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This interview by Dave Ling (and the accompanying photo)
appeared in Classic Rock, February 2001, in England. It is reproduced in
its entirety! For those of you who don't understand English humour, the
photo's caption is using Bobby Ingram's appearance to poke fun at a writer on
Where it doesn't seem to make sense in the third paragraph, it
is an accurate representation of the article! I'm not the illiterate
one. :) The 'Peacemaker' gaffe is also not mine.
My comments? Whether you want them or not!
"We have more fans now than ever" is a ridiculous statement to make.
"Millions of fans out there still want to see this band." That
one's debateable: do they want to see this band or the old Hatchet, the one with
"I'd make more money if I re-hired those guys [the original
members]." Aaargh, the idea that the guy who bought the name could
hire Dave Hlubek or Bruce Crump shows incredible arrogance, true or not.
"I defy anyone to tell me this line-up ain't as good." Bobby, it
ain't as good.
"I own the name, the trademark and the goodwill." The first two
may be true, the latter is not universal.
"Molly Hatchet with Classic Rock hack Jerry Ewing second left"
BOBBY INGRAM BEARS THE WOUNDED expression of a stray that's been turned away from Battersea Dogs' Home during a blizzard. Ingram did not play on any of the Southern rock veterans' albums until replacing guitarist Dave Hlubek, for 1989's eighth release, 'Lightning Strikes
But in recent years, despite the fact that they feature no original members, he has very much become the band's leading light. Classic Rock isn't the first publication to suggest that the current Molly Hatchet are little more than a glorified tribute band, and the accusation saddens Ingram as much as it riles him.
"I do sometimes hear that and I do take offence. What you've got to understand is that I hired the original vocalist, Danny Joe Brown, for his first ever singing job for my band Rum Creek, even before Molly Hatchet was around," Bobby insists. "I'm not some newcomer that doesn't know the history. Danny asked me to join the Danny Joe Brown in the 80s, before joining this band in the mid-80s. I've been here for about 15 years, which is longer than any of the original members. Molly Hatchet is a generational entity, and it's gonna continue."
Named after a 17th Century character that devoured her lovers after sex, Molly Hatchet date way back to 1971, although they didn't really take off till Danny Joe Brown joined in 1976. The band's Jacksonville, Florida, neighbour Ronnie Van Zant offered to produce their debut album. Lynyrd's Skynyrd's tragic plane crash prevented that, but 'Molly Hatchet' sold over a million copies, and US tours with Aerosmith and Bob Seger established the sextet as headliners in their own right. Diabetes sufferer Brown was replaced by Jimmy Farrar, before returning in 1983 for 'No Guts No Glory', which included the classic 'Fall Of The Peacemaker'.
The band's profile dipped for six years before they re-surfaced in 1996 with new singer Phil McCormack. All these years later it's easy to forget Hatchet's string of multi-platinum albums.
"Those days were a long time ago, but there's still a loyal fan-base out there," insists Ingram now. "I'm the key to upholding the traditions of the band. I was in the room when 'Whisky Man', 'Gator Country' and 'Bounty Hunter' were being written, and a lot of people don't even know that. It was Danny and I that took a hold of the band when we came off the road in 1990. We knew that Duane [Roland, guitarist] and Bruce [Crump, drums] were gonna leave, but we carried until on Danny got too sick to continue. We never split up, and we have more fans now than ever."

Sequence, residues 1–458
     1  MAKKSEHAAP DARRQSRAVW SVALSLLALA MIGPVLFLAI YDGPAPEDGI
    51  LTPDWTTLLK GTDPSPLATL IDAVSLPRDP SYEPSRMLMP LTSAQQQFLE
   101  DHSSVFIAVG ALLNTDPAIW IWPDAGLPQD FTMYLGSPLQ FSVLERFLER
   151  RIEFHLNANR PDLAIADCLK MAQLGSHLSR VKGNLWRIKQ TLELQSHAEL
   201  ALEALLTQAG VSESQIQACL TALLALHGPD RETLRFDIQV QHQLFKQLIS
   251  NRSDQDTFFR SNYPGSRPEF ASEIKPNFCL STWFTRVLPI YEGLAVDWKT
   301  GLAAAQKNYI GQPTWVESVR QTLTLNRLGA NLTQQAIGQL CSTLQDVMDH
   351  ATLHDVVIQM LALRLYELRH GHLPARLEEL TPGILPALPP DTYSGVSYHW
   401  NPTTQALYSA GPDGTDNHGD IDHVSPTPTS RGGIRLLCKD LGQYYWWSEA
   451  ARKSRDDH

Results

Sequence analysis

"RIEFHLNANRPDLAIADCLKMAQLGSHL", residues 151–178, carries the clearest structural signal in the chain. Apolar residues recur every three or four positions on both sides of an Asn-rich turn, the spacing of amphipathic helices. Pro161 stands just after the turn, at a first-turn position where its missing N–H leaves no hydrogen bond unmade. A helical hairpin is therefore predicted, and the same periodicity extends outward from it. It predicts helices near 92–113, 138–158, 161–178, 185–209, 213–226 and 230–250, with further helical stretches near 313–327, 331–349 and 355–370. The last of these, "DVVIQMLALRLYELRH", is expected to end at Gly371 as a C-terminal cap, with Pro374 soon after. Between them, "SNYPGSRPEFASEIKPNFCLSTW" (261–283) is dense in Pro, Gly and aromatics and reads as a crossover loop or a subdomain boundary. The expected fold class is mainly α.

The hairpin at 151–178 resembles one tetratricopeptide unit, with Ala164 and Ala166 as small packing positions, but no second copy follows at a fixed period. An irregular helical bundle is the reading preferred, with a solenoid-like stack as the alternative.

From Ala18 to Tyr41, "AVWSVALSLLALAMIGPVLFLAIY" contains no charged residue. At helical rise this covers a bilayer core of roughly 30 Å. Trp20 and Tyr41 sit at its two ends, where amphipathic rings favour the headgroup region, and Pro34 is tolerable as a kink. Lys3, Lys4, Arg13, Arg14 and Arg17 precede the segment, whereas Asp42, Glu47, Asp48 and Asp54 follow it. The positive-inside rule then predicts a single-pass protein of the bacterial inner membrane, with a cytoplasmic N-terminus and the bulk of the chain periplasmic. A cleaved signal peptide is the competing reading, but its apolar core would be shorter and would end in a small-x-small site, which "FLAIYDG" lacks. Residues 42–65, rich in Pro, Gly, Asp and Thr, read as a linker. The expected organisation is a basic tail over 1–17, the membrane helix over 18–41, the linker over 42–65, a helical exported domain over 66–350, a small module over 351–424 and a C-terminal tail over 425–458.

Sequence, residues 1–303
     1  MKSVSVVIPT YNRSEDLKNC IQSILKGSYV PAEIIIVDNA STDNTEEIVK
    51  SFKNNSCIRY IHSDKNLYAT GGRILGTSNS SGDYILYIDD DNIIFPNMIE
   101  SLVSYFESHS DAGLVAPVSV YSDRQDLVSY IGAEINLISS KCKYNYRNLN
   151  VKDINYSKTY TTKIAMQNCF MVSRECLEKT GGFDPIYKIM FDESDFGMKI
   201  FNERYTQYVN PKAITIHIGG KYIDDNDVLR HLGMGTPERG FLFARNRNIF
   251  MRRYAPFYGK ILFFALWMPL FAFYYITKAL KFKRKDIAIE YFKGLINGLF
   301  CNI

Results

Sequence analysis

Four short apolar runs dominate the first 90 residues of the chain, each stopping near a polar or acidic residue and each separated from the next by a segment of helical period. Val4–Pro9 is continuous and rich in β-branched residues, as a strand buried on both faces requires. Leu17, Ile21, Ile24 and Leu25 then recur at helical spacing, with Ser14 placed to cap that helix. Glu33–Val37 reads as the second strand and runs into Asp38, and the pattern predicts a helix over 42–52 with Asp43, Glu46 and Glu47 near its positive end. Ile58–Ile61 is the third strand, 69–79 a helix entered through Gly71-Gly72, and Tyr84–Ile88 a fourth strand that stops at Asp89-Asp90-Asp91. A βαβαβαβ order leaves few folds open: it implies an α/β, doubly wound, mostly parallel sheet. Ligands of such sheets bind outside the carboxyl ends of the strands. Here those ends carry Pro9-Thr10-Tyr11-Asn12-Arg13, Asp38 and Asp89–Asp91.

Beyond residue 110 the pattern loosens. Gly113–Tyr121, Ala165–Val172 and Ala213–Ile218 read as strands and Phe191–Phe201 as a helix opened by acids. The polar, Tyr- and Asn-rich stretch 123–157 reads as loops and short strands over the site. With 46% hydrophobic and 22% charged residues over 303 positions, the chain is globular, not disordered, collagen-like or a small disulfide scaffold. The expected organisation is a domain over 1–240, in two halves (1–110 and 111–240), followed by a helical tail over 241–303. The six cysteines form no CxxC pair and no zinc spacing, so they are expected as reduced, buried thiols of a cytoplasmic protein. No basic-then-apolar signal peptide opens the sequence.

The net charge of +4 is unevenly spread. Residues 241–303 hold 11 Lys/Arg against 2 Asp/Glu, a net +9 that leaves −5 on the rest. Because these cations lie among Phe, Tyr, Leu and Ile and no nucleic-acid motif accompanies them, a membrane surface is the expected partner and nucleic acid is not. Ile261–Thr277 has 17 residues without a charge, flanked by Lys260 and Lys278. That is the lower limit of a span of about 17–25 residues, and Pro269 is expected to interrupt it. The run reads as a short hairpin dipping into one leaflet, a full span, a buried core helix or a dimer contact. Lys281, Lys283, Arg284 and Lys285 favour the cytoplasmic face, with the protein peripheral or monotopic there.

This last claim is made despite Hatchet's enforced return to clubs and small theatres.
"Well, we tour 200 days a year," Bobby reasons. "Millions of fans out there still want to see this band. Do they still buy the records? No, not like they used to. But they don't buy Skynyrd's the same way either. We're a bluecollar rock band with songs about truth, honesty and friendship. If people prefer Britney fucking Spears that's up to them, but we ain't gonna change."
Ingram does admit that the original band lost the plot during the late 80s. He blames it all on one man, the band's manager at the time, Pat Armstrong. "He told us what to play, when to play and how long to play it," sighs Bobby.
"We were playing songs by people we'd never even met, the heart was torn out of the band. Now we're focussed again. [Dave] Hlubek likes to go around calling us names, but where's his record deal? Bruce [Crump] was in and out of the band for many years, and Duane [Roland] quit in 1990 to become a locksmith. Danny [Joe Brown] couldn't continue due to his health. Banner [Thomas, bassist] quit and was replaced by Riff West. And Steve Holland was fired, so everybody either threw in the towel or was dismissed, some of them for drug abuse.
"I'd make a lot more money if I re-hired those guys, but I defy anyone to tell me this line-up ain't as good. This is still Molly Hatchet; I own the name, the trademark and the goodwill."
In November, Hatchet played a triumphant show at London's LA2, their first UK performance since the Reading Festival back in 1979. Despite strangely omitting their best song, 'Boogie No More', the size and enthusiasm of the turnout suggested they might not leave it as long again.
"We wanna do a real tour real soon, not just a date in London," Ingram insists. "People are beginning to rediscover Molly Hatchet again. They can't believe that we still exist after 20 years, which is a beautiful thing. It'll cost a lot of money to break this market open again, but there's Southern rock fans all over the world."
MOLLY HATCHET A USER'S GUIDE